“Some evangelicals believe the Orthodox are not fully Christian,” said Lee, “and some in the Orthodox church have resisted—rooted in a deep-seated suspicion of foreigners.”

Ethiopia takes pride as an African nation that did not fall to colonialists, despite the best efforts of Italy. But World War II ended its ambitions, after which Emperor Haile Selassie allowed foreign missions to work among Ethiopian animists for the medical and educational benefits derived in the less developed—and non-Orthodox—southern regions of the nation.

After the Marxist revolution of 1974 and expulsion of the foreign missionaries, Ethiopian churches witnessed explosive growth. Today, per the most recent census, nearly a fifth of the population is evangelical (19%, compared to 44% Orthodox).

The constitution guarantees religious freedom, but non-Orthodox must register with the government. There is a sense the “Pente,” so called for the charismatic leanings of these churches, are still foreign.

But like the Orthodox, Muslims are recognized as an indigenous community. Woyita Olla, deputy general secretary of the evangelical Kale Heywet (“Word of Life”) Church (which evolved from SIM work), says relations with Muslims are good.

“The incident in Libya has no religious basis,” he said. “It is a brutal, inhuman act that has no support among Muslims or Christians. We are all condemning it.”

Olla works closely with Muslims on the national interreligious council of Ethiopia, even as he cherishes the right of each community to evangelize the other. Muslims compose about a third of the population, and are said to have arrived in the seventh century when the Christian king of then-Abyssinia welcomed the persecuted followers of Muhammad.

Following the Orthodox lead, Kale Heywet announced a week of prayer and fasting following the killings in Libya. Olla agrees interdenominational ties are strengthening, as the nation is coming together.

But according to one Ethiopian Christian medical worker who preferred not to be named due to the sensitivity of the situation, Ethiopia is coming together in frustration.

“Children and the elderly are physically sick from what they have seen from ISIS,” he said. “But there is also anger at the government for not controlling immigration and creating more job opportunities.”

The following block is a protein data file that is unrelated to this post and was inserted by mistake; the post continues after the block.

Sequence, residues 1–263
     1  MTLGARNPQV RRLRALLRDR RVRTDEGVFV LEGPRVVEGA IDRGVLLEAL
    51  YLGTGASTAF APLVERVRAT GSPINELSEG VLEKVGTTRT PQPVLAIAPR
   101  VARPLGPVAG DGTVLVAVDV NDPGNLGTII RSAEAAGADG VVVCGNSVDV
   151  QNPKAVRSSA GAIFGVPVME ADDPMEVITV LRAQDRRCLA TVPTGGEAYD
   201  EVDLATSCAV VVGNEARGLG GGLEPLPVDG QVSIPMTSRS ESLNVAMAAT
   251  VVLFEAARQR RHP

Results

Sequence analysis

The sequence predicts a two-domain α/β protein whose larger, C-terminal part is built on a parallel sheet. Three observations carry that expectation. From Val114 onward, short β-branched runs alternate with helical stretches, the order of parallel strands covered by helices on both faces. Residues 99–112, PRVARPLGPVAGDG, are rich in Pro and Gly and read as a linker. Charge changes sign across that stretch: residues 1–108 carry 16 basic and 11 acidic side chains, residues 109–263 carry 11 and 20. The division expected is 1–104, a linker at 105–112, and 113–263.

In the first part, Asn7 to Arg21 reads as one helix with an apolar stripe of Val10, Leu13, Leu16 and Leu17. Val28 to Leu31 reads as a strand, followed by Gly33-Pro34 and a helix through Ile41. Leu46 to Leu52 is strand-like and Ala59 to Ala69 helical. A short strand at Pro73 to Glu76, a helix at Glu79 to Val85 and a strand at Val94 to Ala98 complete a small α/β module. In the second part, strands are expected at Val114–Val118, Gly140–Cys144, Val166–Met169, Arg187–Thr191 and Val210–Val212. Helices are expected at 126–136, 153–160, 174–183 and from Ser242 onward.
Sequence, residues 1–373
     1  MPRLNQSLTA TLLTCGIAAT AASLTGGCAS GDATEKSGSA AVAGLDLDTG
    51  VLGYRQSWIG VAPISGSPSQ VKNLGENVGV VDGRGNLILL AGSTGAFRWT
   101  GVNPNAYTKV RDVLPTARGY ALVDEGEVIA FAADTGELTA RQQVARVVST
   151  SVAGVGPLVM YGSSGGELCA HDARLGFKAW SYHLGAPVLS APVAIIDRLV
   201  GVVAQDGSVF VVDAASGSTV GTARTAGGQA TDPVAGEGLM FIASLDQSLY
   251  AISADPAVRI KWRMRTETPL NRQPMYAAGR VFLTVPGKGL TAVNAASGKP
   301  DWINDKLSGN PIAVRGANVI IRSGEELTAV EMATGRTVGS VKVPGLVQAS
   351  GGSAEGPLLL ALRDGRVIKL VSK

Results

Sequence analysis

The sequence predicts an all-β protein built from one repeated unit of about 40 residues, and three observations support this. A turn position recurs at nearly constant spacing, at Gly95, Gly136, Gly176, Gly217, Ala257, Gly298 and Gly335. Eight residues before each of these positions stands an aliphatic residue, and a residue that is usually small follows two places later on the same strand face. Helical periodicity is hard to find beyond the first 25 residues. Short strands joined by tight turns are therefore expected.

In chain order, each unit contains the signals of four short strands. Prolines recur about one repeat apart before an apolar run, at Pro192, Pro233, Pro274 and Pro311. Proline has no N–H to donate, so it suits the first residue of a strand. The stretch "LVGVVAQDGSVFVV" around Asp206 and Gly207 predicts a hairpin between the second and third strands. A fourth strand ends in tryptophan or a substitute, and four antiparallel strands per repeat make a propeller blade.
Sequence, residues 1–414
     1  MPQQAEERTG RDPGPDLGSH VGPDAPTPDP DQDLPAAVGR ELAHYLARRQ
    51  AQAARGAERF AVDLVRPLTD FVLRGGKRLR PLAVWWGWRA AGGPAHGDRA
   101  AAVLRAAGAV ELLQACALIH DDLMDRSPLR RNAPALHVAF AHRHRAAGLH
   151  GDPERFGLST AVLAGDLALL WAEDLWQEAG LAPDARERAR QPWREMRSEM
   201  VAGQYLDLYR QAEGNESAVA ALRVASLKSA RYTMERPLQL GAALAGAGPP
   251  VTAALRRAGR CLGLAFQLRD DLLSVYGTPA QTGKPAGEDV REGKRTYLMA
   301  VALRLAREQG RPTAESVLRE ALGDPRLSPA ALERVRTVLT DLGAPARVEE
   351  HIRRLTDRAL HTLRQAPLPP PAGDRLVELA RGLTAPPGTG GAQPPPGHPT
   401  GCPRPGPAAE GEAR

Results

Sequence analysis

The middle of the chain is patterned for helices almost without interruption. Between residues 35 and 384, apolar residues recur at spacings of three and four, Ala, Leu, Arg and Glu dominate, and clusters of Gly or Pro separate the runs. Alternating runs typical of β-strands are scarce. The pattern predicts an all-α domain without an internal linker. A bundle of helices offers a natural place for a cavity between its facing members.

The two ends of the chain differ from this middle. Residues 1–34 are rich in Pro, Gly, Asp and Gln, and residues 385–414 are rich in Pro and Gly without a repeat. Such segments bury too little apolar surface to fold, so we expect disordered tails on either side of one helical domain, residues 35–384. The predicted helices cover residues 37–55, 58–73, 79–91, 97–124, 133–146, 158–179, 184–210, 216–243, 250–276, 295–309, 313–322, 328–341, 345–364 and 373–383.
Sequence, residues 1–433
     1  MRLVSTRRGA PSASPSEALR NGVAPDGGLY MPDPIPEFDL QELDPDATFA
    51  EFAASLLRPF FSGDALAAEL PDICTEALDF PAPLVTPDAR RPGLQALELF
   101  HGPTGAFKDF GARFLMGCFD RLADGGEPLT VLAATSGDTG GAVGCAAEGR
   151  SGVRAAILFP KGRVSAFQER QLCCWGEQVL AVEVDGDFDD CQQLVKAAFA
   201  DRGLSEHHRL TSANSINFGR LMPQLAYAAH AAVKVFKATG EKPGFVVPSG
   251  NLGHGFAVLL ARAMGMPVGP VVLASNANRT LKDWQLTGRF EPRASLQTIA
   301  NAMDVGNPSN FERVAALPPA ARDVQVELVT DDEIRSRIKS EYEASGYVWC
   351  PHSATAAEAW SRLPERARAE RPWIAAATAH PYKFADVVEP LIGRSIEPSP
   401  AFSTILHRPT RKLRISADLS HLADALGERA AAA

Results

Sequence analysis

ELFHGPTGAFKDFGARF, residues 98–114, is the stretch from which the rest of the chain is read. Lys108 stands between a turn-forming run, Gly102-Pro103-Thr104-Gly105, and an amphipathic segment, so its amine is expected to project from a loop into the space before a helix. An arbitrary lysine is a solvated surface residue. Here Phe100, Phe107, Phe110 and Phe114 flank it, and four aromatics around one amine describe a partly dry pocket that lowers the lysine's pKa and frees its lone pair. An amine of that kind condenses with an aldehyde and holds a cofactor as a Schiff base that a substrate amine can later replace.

Tens of thousands of Ethiopians joined a government-sponsored rally three days after the killings. By the end, riot police had to subdue parts of the crowd.

“We may have some weakness in handling domestic issues,” said Girma Bekele, an Ethiopian adjunct professor of global missions and development studies at Wycliffe College in Toronto, Canada. “But to any foreign aggression the country is always strong and united, irrespective of ethnic or religious identities.”

Bekele was saved during the period of Marxist oppression and joined Kale Heywet. He hopes that improving religious relations will push all Ethiopian churches toward justice and concern for the poor.

And he has circulated a pastoral letter, acknowledged by Brant and Ethiopian leaders back home, hoping to contribute.

“The massive exodus from the country by any means and at any cost speaks strongly about the need to struggle against the crisis of poverty,” he wrote. “The plight of the poor, the great majority, is and must be at the heart of national discourse.”

In 2011, the Ethiopian Ministry of Foreign Affairs estimated that more than 75,000 citizens migrate annually to Libya, most with the hope of making it to Europe. Italy is the leading Mediterranean nation of reception, with about 10,000 Christian migrants from Ethiopia, according to the Pew Research Center. Many get stranded; others die trying.

The nation’s Ministry of Justice announced it is drafting a new law to combat human trafficking, and is working to repatriate Ethiopians in Libya.

Bekele calls for more, including the rescue and economic reintegration of migrant Ethiopians threatened also in Yemen and the Sinai. But while he laments the state of his country, he looks to his once and future church in hope.

“I am optimistic this national grief will usher in a new paradigm for the church in Ethiopia,” he said, “as leaders work tirelessly to transform it into missional dialogue.

“We have endured challenge from within and without, and must stand in prayer as a resilient Christian nation, worthy of its 1700-year heritage.”

[Image credit]